Assertions in XML Schema

By Michael Kay on March 06, 2007 at 02:18p.m.

I've been implementing the new facility in XML Schema 1.1 for defining assertions, in terms of XPath expressions. It's a great feature. You could do something similar before, of course, using Schematron - but no-one really wants to do to separate validations using very different technologies. The new xs:assert clause makes it all much more seamless. As one might expect in a first draft though, there are glitches in the spec.

The biggest glitch - not really a glitch in fact, more of a design disaster - is that they've timidly subsetted the XPath language, so you're working with a crippled language with a fraction of the expressive power that you want and need. That not only makes life tough for users, it also makes things much harder for implementors because you can't use an off-the-shelf XPath engine. Well, there's a handy Note in the spec that says you can implement a bigger subset if you like, so I've done the obvious thing and implemented the whole of XPath 2.0.

With the full language, all kinds of possibilities open up. Basically, all the old problems disappear. It gives you cross-validation of elements and attributes:

<xs:assert test="@price gt @discount"/>

Alternative content models:

<xs:assert test="not(@sex='M' and exists('maidenName'))"/>

Cardinality constraints:

<xs:assert test="count(move) mod 2 = 0"/>

and a whole lot more. It's not just that it adds to the expressive power of the schema language, it also enables you to express many existing constraints in a simpler way. Someone on the xmlschema-dev list yesterday wanted to say that a value must be in the range 1-100, or 999. You can do that at present by defining a union between two types, one of which has minInclusive=1, maxExclusive=100, and the other has an enumeration restricting its value to 999. How mich simpler just to say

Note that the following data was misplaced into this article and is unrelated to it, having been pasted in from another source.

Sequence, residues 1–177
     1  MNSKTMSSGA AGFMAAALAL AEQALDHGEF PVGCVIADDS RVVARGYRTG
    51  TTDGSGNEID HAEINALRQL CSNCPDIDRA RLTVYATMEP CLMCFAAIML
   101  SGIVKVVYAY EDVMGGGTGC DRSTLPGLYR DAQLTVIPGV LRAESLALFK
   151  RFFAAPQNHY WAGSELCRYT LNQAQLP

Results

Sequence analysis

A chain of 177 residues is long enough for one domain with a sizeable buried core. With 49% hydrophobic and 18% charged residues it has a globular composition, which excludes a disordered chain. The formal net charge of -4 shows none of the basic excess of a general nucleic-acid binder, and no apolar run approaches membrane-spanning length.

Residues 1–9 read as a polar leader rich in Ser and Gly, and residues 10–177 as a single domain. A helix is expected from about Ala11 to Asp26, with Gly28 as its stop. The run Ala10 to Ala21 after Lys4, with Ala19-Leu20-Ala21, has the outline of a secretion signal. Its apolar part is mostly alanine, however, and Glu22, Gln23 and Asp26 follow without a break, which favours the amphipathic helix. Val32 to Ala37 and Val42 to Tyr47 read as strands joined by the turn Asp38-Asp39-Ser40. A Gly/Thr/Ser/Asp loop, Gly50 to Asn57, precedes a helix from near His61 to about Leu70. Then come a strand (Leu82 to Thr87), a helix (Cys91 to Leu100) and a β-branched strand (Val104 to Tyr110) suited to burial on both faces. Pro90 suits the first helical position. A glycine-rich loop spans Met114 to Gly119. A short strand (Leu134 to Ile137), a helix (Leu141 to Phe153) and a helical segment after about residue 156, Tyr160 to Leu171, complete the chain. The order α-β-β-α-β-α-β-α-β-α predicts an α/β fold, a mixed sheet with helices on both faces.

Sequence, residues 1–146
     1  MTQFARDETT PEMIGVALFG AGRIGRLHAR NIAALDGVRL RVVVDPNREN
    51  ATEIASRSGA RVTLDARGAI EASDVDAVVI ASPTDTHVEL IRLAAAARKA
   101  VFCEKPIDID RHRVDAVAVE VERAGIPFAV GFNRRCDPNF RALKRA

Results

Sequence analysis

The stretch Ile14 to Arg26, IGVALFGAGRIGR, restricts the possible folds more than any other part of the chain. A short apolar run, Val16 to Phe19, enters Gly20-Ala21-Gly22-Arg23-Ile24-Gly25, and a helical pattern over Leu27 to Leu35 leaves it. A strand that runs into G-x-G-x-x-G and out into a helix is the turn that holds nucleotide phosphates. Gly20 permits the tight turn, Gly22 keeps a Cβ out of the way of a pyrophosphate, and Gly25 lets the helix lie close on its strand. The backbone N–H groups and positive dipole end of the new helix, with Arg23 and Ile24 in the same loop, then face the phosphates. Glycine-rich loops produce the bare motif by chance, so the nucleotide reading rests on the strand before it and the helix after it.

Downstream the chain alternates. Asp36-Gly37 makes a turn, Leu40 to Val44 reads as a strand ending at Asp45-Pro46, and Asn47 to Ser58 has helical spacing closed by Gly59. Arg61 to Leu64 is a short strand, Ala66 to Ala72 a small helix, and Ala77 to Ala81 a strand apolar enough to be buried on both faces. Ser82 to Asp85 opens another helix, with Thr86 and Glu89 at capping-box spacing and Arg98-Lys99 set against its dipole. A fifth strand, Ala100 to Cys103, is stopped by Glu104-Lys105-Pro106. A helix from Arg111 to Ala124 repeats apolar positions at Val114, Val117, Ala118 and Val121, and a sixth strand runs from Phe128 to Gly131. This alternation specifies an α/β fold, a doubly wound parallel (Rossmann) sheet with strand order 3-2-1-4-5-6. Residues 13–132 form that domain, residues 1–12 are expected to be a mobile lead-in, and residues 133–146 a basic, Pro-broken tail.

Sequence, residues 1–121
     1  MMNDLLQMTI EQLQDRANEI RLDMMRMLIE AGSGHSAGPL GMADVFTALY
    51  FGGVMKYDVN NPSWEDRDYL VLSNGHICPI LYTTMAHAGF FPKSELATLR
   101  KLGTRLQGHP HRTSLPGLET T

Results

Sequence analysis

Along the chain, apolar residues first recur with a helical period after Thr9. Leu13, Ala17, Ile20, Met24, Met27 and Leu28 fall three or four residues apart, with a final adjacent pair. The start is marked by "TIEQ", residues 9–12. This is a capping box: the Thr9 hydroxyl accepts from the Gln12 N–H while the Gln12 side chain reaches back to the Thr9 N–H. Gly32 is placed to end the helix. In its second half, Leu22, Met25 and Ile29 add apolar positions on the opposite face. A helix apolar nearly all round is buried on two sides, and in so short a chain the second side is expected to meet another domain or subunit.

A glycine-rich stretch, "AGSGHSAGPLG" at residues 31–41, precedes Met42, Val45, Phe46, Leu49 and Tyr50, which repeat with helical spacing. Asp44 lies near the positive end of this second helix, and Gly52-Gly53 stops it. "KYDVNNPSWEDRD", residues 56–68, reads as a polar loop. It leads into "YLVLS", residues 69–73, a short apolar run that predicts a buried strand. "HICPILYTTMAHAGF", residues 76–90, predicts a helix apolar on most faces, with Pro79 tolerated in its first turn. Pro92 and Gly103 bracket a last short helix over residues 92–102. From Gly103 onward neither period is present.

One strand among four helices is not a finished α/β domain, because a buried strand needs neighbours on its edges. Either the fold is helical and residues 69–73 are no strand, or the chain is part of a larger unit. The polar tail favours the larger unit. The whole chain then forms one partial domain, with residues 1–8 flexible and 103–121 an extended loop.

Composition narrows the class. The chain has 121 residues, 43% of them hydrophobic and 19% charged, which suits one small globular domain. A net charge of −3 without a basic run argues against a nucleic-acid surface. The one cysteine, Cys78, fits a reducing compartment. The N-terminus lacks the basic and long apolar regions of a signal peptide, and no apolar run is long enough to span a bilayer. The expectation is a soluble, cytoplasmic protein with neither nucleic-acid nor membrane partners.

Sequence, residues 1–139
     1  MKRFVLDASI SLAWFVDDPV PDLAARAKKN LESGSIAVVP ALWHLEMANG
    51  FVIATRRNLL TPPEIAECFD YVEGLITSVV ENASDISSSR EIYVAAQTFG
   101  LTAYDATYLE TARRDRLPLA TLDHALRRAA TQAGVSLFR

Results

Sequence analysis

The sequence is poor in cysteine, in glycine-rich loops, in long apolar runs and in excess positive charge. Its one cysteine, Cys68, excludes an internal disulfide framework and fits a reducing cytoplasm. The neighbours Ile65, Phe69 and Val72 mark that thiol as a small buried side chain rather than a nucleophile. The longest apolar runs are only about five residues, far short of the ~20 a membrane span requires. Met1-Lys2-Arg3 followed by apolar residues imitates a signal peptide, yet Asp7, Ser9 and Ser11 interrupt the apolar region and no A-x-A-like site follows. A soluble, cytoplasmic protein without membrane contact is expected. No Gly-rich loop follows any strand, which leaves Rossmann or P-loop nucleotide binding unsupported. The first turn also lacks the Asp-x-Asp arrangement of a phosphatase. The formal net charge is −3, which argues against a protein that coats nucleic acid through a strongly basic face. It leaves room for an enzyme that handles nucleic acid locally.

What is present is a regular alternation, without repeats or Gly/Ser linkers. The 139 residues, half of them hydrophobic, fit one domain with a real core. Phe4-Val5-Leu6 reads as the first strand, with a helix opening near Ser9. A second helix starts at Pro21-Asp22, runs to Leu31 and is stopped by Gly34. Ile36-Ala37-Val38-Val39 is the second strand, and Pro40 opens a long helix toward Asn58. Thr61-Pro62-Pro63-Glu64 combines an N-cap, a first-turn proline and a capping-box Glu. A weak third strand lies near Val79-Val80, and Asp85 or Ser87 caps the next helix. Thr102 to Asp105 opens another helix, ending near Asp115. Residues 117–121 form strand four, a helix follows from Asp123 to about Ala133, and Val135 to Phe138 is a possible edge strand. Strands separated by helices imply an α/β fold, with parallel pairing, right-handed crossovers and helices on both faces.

<xs:assert test=". = (1 to 100, 999)"/>

Another exciting possibility is that by allowing XPath expressions to use the doc() function, you can implement referential constraints across documents:

<xs:assert test=". = doc('lookup.xml')//code"/>

Finally, there's nothing to stop you calling out to Java extension functions:

<xs:assert test="checksum = my:checksum(.)"/>

So what have they got wrong?

First, they've crippled XPath, as described above, for no discernible reason, reducing it to a pathetic subset. Many of the examples I've given aren't actually legal.

Secondly, they've defined assertions only on complex types and not on simple types. [But this might be temporary, awaiting the reissue of XML Schema Part 2. There are hints in the Schema for Schemas that assertions on simple types will be allowed.]

And then there are a few technicalities, like they've failed to define exactly what the static and dynamic context for XPath evaluation are. No doubt this will be fixed in future drafts.

Implementing this in Saxon was pretty straightforward. I don't currently attempt to evaluate assertions in streaming mode: as soon as I hit an element with an assertion attached, I start building a TinyTree, and then I evaluate the assertions when I hit the endElement event. Assertions on nested elements can share the same tree - Saxon already has a "virtual copy" mechanism so I can run an expression on a subtree of the main tree without making a real copy. If someone wants to define assertions whose scope is the whole document, they can, but the price is that a tree gets built. If you only define assertions with a local scope (say a single "record") then trees only get built for one "record" at a time, and are discarded as soon as the endElement event occurs.

Of course, for users the drawback is that few people will want to commit themselves to something that's currently only in one product and in a draft W3C spec. But someone has to be first, and it's a good way of exerting some pressure on the working group and on other vendors to speed things up a little.